Popular configuration management systems such as Chef, Puppet and Ansible all have some variant of secret management solution included. These are the passwords, cryptographic keys and similar sensitive information that must be deployed to specific servers in a data-center environment while limiting access to other machines or even persons involved in operating the infrastructure.
- Chef has encrypted data-bags
- Ansible has vaults (Not to be confused with Hashicorp Vault, which is a service for distributing secrets)
- Puppet has encrypted hiera
The first two share a fundamental design flaw. They store long-term secrets as files encrypted using a symmetric key. When it is time to add a new secret or modify an existing one, the engineer responsible for introducing the change will decrypt the file using that key, make changes and reencrypt using the key. Depending on design, decryption during an actual deployment can happen locally on the engineer machine (as in the case of Ansible) or remotely on the server where those secrets are intended to be used.
This model is broken for two closely related reasons.
Coupling read and write-access
Changing secrets also implies being able to view existing ones. In other words, in order to add a secret to an encrypted store or modify the existing one (in keeping with best-practices, secrets are rotated periodically right?) requires knowledge of the same passphrase that also allows viewing the current collection of those secrets.
Under normal circumstances, “read-only” access is considered less sensitive than “write” access. But when it comes to managing secrets, this wisdom is inverted: being able to steal a secret by reading a file is usually more dangerous than being able to clobber the contents of that file without learning what existed before.**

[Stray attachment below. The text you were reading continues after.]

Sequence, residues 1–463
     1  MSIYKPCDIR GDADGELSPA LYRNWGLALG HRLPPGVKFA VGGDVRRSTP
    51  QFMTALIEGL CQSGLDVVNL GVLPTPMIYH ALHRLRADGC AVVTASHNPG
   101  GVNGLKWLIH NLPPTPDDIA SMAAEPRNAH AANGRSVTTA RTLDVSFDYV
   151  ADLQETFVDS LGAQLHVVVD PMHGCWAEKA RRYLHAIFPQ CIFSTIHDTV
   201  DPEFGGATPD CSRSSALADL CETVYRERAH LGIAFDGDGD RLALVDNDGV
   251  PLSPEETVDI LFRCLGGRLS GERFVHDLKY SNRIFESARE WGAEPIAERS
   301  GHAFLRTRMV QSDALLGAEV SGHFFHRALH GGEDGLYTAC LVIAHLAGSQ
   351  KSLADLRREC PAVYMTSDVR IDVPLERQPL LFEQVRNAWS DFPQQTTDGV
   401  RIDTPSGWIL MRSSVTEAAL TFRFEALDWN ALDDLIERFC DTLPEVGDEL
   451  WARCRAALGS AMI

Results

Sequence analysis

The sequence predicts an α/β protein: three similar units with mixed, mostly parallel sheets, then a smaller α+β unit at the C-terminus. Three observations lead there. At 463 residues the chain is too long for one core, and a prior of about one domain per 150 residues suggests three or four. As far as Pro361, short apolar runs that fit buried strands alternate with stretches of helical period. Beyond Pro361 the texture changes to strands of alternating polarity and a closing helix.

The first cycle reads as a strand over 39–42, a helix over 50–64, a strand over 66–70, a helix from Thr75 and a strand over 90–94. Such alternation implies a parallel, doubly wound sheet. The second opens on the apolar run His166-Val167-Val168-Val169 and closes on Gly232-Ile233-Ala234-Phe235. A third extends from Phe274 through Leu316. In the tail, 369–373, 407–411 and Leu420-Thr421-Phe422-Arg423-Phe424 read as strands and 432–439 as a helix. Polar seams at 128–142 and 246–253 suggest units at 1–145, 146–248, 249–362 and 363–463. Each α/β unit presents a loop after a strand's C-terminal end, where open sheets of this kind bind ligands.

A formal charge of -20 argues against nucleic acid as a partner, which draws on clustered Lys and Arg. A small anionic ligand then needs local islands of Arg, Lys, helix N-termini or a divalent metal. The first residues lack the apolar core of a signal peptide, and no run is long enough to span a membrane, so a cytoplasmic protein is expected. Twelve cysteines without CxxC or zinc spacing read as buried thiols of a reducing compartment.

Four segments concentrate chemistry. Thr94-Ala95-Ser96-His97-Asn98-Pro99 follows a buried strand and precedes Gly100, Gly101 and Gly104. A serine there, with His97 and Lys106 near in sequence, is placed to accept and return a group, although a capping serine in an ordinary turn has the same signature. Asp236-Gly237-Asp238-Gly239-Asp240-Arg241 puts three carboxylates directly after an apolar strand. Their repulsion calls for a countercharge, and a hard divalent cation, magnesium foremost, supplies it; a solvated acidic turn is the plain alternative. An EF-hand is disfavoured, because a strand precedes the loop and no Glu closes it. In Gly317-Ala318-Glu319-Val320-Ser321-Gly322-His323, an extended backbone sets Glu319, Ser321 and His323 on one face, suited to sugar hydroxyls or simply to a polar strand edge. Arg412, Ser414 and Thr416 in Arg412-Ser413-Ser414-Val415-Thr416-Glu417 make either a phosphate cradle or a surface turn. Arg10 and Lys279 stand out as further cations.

Shared passphrases do not scale well in a team context. “Three can keep a secret, if two of them are dead” said Benjamin Franklin. Imagine a team of 10 site-reliability engineers in charge of managing secrets. The encrypted data-bag or vault can be checked into a version control system such as git. But the passphrase encrypting it must be managed out of band. (If the passphrase itself were available at the same location, it becomes a case of locking the door and putting the key under the doormat.) That means coordinating a secret to be shared among multiple people. That creates two problems:
- The attack surface of secrets is increased. An attacker need only compromise 1 of those 10 individuals to unlock all the data.
- It increases the complexity of revoking access. Consider what happens when an employee with access to decrypt this file leaves the company. It is not enough to generate a new passphrase to reencrypt the file. Under worst-case assumptions, the actual secrets contained in that file were visible to that employee and could have been copied. At least some of the most sensitive ones (such as authentication keys to third-party services) may have to be assumed compromised and require rotation.
Separating read and write access
There is a simple solution to these problems. Instead of using symmetric cryptography, secret files can be encrypted using public-key cryptography. Every engineer has a copy of the public-key and can edit the file (or fragments of the file depending on format, as long as secret payloads are encrypted) to add/remove secrets. But the corresponding private-key required to decrypt the secrets does not have to be distributed. In fact, since these secrets are intended for distribution to servers in a data-center, the private-key can reside fully in the operational environment. Anyone could add secrets by editing a file on their laptop; but the results are decrypted and made available to machines only in the data-center.
If it turns out that one of the employees editing the file had a compromised laptop, the attacker can only observe secrets specifically added by that person. Similarly if that person leaves the company, only specific secrets he/she added need to be considered for rotation. Because they never had access to decrypt the entire file, remaining secrets were not accessible.
An example of getting this model right is Puppet encrypted hiera. Its original PGP-based approach to storing encrypted data is now deprecated. But there is an alternative that works by encrypting individual fields in YAML files called hiera-eyaml. By default it uses public-key encryption in PKCS7 format as implemented by OpenSSL. Downside is that it suffers from low-level problems, such as lack of integrity check on ciphertexts and no binding between keys/values.